Neil

Thanks, total integration was 72 x 300 second subs (so 6 hours) ūüĎć

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2 hours ago, Grifflin said:

 

@tomato  Ok...wow...was that like 1 x 3min sub with the RASA? So Im imaging between f5.6 and f10.  Would the slower scopes create issues here?

I wish! That’s 20 x 3 min so one hour of integration. The IDAS NBZ filter is well suited to the steep light cone of the F2 RASA, but at your proposed focal ratio, you have no such restriction on filter choice.

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2 hours ago, Grifflin said:

 

@Budgie1 Cracking images and a really good comparison.  This is a target I have on my list for the Winter.  Got to say the L-Extreme definitely pulls out more detail.  I have heard that it can create halos and I can see this but is this only for really bright stars and how much can be fixed in post?

The L-eXtreme has pulled out more detail but it has also removed the finer detail from the dust visible in the first image below the Horse Head (mid to bottom right in the image). So it's only the Ha detail that's been enhanced.

I think better focus would help with the first image but when I get the chance to do this target again I think I'll reduce the exposure time to try and control the large star. These were both taken with 2 minute subs so possibly a combination of 2 and 1 minute subs may tame Alnitak. Even dropping to 1 minutes subs but lots of them may help, ;)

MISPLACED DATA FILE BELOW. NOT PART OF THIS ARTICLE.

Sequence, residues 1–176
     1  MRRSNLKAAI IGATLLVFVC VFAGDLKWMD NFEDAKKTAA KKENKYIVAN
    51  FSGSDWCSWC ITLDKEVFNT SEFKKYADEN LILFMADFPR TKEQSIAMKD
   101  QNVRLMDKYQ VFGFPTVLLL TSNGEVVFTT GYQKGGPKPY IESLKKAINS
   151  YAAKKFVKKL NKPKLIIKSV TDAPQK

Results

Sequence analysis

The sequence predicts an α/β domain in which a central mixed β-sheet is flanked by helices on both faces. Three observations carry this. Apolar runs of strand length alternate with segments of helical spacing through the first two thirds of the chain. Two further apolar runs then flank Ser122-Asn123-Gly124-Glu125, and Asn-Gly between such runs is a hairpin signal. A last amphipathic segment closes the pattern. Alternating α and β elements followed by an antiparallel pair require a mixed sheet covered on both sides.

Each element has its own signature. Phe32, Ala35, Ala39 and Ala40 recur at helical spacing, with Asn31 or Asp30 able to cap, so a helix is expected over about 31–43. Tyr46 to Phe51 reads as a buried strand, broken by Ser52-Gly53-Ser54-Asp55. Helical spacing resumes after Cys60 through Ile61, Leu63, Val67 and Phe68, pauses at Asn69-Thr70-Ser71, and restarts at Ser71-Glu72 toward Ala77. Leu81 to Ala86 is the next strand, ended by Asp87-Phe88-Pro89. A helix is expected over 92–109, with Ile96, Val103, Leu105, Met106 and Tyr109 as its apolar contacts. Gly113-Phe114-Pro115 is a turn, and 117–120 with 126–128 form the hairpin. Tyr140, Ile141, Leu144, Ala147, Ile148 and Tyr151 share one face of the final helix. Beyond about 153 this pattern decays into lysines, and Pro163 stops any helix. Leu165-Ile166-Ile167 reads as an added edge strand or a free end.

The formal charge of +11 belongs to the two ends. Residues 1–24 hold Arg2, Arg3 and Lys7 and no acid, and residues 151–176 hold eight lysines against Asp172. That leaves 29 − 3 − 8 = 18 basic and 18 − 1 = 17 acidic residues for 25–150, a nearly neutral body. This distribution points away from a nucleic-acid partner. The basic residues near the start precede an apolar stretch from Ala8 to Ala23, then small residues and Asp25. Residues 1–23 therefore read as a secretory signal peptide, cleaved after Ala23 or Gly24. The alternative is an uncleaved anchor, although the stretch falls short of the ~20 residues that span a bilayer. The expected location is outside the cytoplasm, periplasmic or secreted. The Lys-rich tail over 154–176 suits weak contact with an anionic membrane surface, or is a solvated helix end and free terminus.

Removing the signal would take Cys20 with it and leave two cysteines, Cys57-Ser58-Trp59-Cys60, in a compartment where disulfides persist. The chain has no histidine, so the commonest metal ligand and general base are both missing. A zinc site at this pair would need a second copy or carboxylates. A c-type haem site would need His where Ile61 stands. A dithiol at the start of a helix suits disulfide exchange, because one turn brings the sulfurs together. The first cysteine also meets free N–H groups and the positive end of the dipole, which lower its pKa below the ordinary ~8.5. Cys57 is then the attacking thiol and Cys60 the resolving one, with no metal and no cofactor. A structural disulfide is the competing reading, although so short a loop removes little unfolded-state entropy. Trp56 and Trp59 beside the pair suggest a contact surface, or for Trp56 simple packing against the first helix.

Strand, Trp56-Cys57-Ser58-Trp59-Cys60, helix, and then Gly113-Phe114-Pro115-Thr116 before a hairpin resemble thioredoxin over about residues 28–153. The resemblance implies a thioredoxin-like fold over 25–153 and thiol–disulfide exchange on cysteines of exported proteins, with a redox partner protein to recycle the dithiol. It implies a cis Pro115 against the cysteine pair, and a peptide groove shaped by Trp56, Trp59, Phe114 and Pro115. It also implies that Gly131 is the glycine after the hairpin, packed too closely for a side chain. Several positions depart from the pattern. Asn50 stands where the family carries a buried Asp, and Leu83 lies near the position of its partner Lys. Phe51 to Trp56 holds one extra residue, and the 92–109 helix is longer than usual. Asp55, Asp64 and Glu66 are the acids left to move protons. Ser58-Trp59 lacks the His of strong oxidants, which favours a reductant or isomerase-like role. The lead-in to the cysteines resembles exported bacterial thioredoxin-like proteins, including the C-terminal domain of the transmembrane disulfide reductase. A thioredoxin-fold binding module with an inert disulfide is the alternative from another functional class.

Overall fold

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36 minutes ago, Lee_P said:

+1 for L-eXtreme. I've got lots of examples here, all from Bortle 8: http://urbanastrophotography.com/index.php/gallery/

This is my fave so far:

ElephantTrunkv1forLR-Edit.thumb.jpg.99ef0c0d7f67f15165038e56a851d9ed.jpg

Ok....yep...that'll do ¬†ūüėČ. ¬†How much time did you have yo put into this?

Checking out your website now!

Edited by Grifflin
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For me with limited imaging time, the ease of setting up OSC with my L-eNhance filter is the best way. Mono might give better results (up for debate) but I prefer not to worry about different filters, flats etc... and just do everything at once. It is also possible to create Hubble Palate images or your traditional "red" nebula shots. I wouldn't say that mono is the future as OSC with the dual/tri filters are definitely comparable with Mono images- and you have the flexibility to process your images in different ways.

The moon still will have an effect on dual narrowband filters, but nothing as major as shooting broadband, I wouldnt worry about this too much unless you are looking to get APOD or similar.

This is one of my recent images, done with ZWO 071 MC Pro with L-eNhance as a two panel mosaic with about 5hrs total exposure. Processed as Hubble style and "normal" colours for comparison

 

1423144088_SoulNebula.thumb.jpg.44054814afb673f8aa4f48f6cb1fa007.jpg1234742801_Soulhubble.thumb.jpg.5a8f3a58376c27eacf29987e2e705b52.jpg

 

Edited by CloudMagnet